Yu Xiao San 8805 on Type I and Type II Diabetes and Hypoglycemic Effects of Selected Ingredients


Yu Xiao San 8805, a Traditional Chinese Medicine formulated by Dr. Lian Jin Chong, is designed to restore pancreatic function and to proliferate insulin beta cells. Yu Xiao San has been shown to gradually and effectively lower blood-sugar levels and increase insulin secretion. In addition it has been shown to regulate carbohydrate metabolism, improve blood circulation, lower blood cholesterol and increase immune response1. The main herb components are Gui Jian Yu (Euonymus alatus), Di Gu Pi, (Cortex Lycii Radicis), Niu Bang Zi (Arctium Lappa L.), Jie Geng (Platycodon Grandiflorum), Li Zhi He (Litchi Chinensis), Jiang Huang (Curcuma longa), Xi Yang Shen (Panax quinquefolium L.)

Clinical Results:

From Feb. 1992 to Oct. 1992, 10,618 cases were selected based upon the diagnostic criteria established for diabetes mellitus by the World Health Organization. The patients were drawn for clinical assessment from the formerly China Beijing Chao Yang District Red Cross Hospital (presently Beijing Anyuan Hospital) and from 48 comparable hospitals nationwide.
Treatment Criteria and Result  

Clinical Recovery: The preferred criterion: FPG (Fasting Plasma Glucose) <6.1 mmol/L (110 mg/dl), HbA1c <6.8%; symptoms and complications recovery; discontinuing medication after 3 months or more. 

Prominent Effect: FPG <7.8 mmol/L (140 mg/dl), HbA1c <8%; symptoms improved and complications reduced.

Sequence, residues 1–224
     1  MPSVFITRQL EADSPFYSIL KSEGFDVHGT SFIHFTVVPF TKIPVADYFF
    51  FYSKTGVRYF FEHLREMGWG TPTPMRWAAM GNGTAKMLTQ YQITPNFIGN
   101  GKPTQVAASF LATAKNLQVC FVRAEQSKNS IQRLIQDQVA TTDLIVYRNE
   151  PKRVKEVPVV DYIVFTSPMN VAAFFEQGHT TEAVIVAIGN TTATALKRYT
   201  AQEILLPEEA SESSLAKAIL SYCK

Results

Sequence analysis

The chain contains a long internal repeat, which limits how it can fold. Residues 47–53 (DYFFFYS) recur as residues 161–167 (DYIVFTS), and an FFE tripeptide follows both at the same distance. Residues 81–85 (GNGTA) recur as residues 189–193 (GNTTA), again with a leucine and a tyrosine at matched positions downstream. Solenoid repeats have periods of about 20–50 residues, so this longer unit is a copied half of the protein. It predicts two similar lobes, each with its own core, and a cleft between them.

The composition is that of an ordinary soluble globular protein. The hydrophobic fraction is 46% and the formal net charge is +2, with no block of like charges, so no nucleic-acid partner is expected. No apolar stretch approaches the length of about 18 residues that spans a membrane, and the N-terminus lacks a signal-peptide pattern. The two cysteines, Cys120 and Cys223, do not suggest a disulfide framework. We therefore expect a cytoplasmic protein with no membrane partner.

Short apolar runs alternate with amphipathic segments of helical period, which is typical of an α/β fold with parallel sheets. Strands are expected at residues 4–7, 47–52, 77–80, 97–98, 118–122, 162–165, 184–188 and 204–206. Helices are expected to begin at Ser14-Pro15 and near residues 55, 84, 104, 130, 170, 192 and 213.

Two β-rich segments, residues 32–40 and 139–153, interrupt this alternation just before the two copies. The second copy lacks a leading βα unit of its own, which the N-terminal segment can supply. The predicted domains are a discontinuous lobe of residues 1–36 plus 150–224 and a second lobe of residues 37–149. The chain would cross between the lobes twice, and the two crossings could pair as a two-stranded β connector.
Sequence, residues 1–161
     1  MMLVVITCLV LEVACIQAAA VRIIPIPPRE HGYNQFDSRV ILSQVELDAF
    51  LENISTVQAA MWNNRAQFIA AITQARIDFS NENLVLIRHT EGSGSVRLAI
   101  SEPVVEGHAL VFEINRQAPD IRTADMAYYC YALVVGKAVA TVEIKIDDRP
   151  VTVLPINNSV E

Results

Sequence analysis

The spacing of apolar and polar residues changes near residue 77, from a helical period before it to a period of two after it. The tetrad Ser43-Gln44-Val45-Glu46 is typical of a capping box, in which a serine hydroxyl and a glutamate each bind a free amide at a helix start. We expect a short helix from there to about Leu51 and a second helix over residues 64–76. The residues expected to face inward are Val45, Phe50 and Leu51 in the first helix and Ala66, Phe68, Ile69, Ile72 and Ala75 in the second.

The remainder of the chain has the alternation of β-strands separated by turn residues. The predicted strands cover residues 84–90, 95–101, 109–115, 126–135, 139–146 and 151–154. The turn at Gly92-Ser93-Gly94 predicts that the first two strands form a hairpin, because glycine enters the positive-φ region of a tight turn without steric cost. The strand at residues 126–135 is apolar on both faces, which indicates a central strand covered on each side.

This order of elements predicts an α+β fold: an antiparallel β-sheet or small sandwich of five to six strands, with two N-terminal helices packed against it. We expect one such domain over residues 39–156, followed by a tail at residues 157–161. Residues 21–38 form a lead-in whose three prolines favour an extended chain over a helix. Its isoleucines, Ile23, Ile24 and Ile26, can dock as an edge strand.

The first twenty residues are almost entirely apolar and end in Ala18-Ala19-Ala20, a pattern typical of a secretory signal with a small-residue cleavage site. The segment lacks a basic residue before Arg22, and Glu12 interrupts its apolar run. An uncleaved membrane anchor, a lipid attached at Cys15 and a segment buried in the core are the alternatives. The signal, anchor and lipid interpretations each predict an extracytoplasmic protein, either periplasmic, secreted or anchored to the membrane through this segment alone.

Effective: FPG reduced 3.33 mmol/L (60 mg/dl), HbA1c <9%. 

Ineffective: No evidence of symptom improvement and reduction of criteria established for diabetes mellitus.


After 4 months of treatment and monitoring, of patients with Type 1 diabetes, 84 (6.80%) demonstrated clinical recovery, 106 (8.58%) prominent effect, 144 (11.65%) some effect, and 902 (72.98%) no effect. Over the same period, 1794 (19.12%) patients with Type 2 diabetes demonstrated clinical recovery, 2346 (25.01%) prominent effect, 3835 (40.88%) some effect, and 1407 (15.00%) no effect. Overall totals were 1,878 (17.69%), 2,452 (23.09%), 3,979 (37.47%) and 2,309 (21.75%) respectively.2

Effect of Yu Xiao San 8805 on the Treatment of Hyperglycemia Using a Streptozotocin-Induced Insulin Resistant Diabetic Rat Model

In a placebo controlled experiment on the effect of Yu Xiao San 8805 on the treatment of hyperglycemia using a streptozotocin-induced insulin resistant diabetic rat model with the Medical School of Stanford University in the United States3 in 1994, about 100 rats were introduced and were divided into three groups – placebo, Yu Xiao San 8805, and a western drug “Metformin”. Dr. Ida Chen, director of General Clinical Research Core Laboratory and senior research scientist of Stanford University School of Medicine, stated that “Yu Xiao San 8805 has shown statistically significant effect on the increase in triglycerides (TG) in these streptozotocin-induced insulin resistant diabetic rats. Specifically, plasma TG concentration tends to increase in diabetic rats (and in diabetic patients); both Metformin and Yu Xiao San 8805 appeared to have a ‘controlling’ effect – i.e. they alleviated the increment of TG occurring in these rats.”4